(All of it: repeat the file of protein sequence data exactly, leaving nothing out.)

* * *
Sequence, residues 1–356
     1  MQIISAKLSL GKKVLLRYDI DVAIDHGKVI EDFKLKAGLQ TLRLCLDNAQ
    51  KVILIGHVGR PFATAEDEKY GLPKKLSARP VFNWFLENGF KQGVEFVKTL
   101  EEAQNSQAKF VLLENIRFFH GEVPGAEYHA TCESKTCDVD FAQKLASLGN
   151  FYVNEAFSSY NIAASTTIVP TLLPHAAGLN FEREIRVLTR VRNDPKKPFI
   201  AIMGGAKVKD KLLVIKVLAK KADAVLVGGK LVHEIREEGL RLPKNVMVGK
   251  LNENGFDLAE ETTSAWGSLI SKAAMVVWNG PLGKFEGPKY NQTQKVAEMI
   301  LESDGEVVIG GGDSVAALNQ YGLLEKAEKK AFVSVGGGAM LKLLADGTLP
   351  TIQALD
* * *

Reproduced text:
Sequence, residues 1–356
     1  MQIISAKLSL GKKVLLRYDI DVAIDHGKVI EDFKLKAGLQ TLRLCLDNAQ
    51  KVILIGHVGR PFATAEDEKY GLPKKLSARP VFNWFLENGF KQGVEFVKTL
   101  EEAQNSQAKF VLLENIRFFH GEVPGAEYHA TCESKTCDVD FAQKLASLGN
   151  FYVNEAFSSY NIAASTTIVP TLLPHAAGLN FEREIRVLTR VRNDPKKPFI
   201  AIMGGAKVKD KLLVIKVLAK KADAVLVGGK LVHEIREEGL RLPKNVMVGK
   251  LNENGFDLAE ETTSAWGSLI SKAAMVVWNG PLGKFEGPKY NQTQKVAEMI
   301  LESDGEVVIG GGDSVAALNQ YGLLEKAEKK AFVSVGGGAM LKLLADGTLP
   351  TIQALD